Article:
Customer comes first


Hamilton mum Hannah Porter decided one Monday in May 2018 she could sell cloth nappies.

Four days later she went to a Chamber of Commerce event, said she was starting up a company and asked a question.

Reality struck. “I was like, well I guess I’m doing it now.”

Five weeks from that Monday she went live. She started with a shipment of 300, which was the minimum order she could make.

“Our very first month we did $200 in sales, and I was stoked.”

Two and a half years later her shipments from a factory in China are for between 6000 and 10,000 every couple of months, she has thousands of customers throughout New Zealand and overseas, is licensing prints from New Zealand and international designers and the company is still growing.

Hannah Porter and husband Richard with the People’s Choice award. Photo: Barker Photography

Hannah Porter and husband Richard with the People’s Choice award. Photo: Barker Photography

The spare bedroom HQ has become a warehouse in Frankton and the Bear & Moo range has expanded to books, menstrual products, plates and cups made from recycled milk bottles, and more.

The timing was good for Bear & Moo, so called for the Porters’ nicknames for their young sons. A generation concerned about its environmental footprint was receptive to reusable cloth nappies and could be willing to give them a go at a price that made them accessible.

Porter got her start after seeing a gap in the market between “super affordable” from the Baby Factory to $35 to $40 per nappy for other brands. At that price, some were deterred from trying reusables, she says. There was potential for a middle ground, and she priced hers at $17.95.

“At $18 each, people go, ‘I’ll buy three.  I’ll give it a go, see if I like it.’ And then they realise it’s easy. And it’s easier to convert people because of the price point.”

When it comes to a comparison of disposable to reusable nappies, the numbers are compelling.

Porter says it costs about $4000 to use disposable nappies from newborn to toilet training, whereas using cloth will cost around $500 to $600 depending on the brand.

And on the environmental front, she says New Zealand sends a million disposable nappies a week to landfill.

Porter has seen competition build in the mid-range since she started. “We’ve learned very quickly that it’s not actually so much about the product, it’s about the people. So it’s about customer service.”

That sees Porter and staff member Shannon responding quickly to questions on their social media platforms, and replacing returns promptly.

“If something goes wrong, I don’t look at where they bought it or question anything, we just send a replacement straightaway,” Porter says. “We’re always available. So I show up on social media a lot. I do a lot of Instagram stories. So my customers have gotten to know me.

“And we try to get back to email on the same day. We’ve got a chat system on the website that comes through to my phone. So when people are asking questions, a lot of the replies are either from me or from Shannon, where we know our stuff. It’s not just selling a product and then leaving them to it.

“They’ll come back and say, ‘Okay, I tried this, and it’s not working’, or ‘we’re having leaks here’, or ‘why is this happening?’ And we give them that full customer service. Because you can walk into a big box retailer, and walk away with a product and not know how to use it.”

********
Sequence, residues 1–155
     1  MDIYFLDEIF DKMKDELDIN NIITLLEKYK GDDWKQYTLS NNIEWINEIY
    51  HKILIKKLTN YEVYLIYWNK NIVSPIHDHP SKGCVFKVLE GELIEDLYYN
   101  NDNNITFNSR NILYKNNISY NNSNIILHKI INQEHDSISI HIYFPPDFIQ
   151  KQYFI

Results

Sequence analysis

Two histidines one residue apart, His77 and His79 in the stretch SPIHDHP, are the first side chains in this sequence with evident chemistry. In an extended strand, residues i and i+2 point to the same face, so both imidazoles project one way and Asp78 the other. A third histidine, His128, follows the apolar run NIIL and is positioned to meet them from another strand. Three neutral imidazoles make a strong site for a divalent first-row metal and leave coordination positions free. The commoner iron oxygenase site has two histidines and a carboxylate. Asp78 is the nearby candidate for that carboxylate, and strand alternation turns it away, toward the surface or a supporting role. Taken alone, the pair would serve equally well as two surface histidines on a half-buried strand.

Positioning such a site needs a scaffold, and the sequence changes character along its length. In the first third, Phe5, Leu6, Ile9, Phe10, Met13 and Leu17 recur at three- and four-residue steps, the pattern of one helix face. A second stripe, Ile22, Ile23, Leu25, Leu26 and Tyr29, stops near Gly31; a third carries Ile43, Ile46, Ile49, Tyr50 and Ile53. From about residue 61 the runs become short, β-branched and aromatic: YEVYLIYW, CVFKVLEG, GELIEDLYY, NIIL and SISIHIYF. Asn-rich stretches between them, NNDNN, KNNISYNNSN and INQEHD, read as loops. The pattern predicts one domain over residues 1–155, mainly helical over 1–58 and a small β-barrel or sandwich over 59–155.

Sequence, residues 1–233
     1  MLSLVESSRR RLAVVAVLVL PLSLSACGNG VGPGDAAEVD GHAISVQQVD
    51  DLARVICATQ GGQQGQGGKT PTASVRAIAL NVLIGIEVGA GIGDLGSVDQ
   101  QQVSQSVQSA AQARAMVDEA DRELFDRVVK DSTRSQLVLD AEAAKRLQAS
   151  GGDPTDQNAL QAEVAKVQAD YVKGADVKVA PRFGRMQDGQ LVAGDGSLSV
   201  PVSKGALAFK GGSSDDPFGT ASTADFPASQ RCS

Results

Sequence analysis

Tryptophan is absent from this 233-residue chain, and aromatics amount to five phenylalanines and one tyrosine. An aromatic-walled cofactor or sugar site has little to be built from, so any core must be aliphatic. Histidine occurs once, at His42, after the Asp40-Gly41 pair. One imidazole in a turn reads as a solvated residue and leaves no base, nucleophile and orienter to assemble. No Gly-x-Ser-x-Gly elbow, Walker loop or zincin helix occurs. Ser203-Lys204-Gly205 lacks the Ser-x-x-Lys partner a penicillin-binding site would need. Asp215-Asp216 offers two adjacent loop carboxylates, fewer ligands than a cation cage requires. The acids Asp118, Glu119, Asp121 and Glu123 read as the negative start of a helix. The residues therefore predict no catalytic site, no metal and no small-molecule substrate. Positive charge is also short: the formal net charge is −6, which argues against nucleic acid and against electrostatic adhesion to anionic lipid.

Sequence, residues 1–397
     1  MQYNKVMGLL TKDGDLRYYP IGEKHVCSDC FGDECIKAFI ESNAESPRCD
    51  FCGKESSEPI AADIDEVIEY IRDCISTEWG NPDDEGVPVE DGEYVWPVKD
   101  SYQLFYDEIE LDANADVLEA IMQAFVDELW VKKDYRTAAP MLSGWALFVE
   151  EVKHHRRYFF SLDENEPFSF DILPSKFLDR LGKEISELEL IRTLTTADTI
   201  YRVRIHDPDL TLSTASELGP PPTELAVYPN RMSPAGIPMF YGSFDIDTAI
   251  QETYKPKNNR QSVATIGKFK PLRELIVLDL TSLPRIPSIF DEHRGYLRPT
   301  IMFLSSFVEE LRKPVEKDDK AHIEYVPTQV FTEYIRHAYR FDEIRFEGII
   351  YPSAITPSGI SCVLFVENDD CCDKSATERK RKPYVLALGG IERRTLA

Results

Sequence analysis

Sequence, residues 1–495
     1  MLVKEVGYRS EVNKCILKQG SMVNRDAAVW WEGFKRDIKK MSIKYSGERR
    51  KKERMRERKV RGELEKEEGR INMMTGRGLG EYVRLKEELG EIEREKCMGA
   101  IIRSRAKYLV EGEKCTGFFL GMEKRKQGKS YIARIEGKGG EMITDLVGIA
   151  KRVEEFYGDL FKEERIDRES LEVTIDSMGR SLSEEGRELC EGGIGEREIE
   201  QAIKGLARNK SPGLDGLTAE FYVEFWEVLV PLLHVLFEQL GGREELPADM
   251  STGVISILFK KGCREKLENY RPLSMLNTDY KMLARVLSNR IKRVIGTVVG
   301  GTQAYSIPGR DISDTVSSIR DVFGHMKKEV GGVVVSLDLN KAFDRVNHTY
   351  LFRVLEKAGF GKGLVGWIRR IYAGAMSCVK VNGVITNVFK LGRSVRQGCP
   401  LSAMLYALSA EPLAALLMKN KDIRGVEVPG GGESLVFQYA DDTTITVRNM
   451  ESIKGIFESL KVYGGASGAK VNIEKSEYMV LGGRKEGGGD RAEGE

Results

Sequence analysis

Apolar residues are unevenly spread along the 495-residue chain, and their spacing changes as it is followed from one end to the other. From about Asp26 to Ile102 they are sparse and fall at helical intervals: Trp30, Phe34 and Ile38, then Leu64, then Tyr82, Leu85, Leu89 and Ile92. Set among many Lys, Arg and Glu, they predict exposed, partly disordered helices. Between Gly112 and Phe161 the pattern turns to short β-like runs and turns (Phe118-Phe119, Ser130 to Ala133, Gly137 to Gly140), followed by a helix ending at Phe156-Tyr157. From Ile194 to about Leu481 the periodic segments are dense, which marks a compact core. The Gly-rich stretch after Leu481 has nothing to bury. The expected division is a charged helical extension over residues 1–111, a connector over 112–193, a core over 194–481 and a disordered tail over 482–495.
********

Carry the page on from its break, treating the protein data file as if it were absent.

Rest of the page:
Porter says she chooses products based on helping the parenting journey, and not being overwhelming. That sees her limiting the range within each category.

“It’s not necessarily about having the cheapest option, but it’s about making sure that the price matches the quality so if somebody’s buying something they’re getting good quality.”

In a year of disruption, Covid-19 actually proved beneficial to Bear & Moo, which makes 95 percent of its sales online.

With nappies “flying off the shelves” at supermarkets and reluctance to shop in person, Porter says some turned to online.

Bear & Moo were classed as an essential business, but Porter says they were careful to deliver only to customers in genuine need during level four, while others had to wait till level three. That saw them with hundreds of orders ready to go the day level three kicked in.

“So April was the best month we’d ever had,” Porter says. “We were really lucky, we had a launch planned for the beginning of April, so all of our stock had just arrived.

“Covid was really beneficial for our business, which is really hard because I know so many people struggled.”

In November Porter’s company, Bear & Moo, won the Micro Business and People’s Choice awards at the Westpac Waikato Business Awards, just two months after winning the Oh Baby award for best cloth nappy, voted on by the public. Porter is delighted with the dual recognition, with one customer-driven and the other an endorsement of the business approach.

Entering the business awards was good because it meant she stepped back and looked at what the company had done and why. “It forced me to stop and be proud of how far we’ve come and look at some of the strategy behind it.”

She says winning People’s Choice as well on the night was also about customer validation. “I think both are really important. If you’ve got a great business model, but your reputation is not good because your customers aren’t happy, then you’re not going to succeed. And you can have great customer service and be running a business into the ground with no profits because you don’t have the business nous.

“So to get both just married together gave the idea that actually we’re doing something right.”


About Author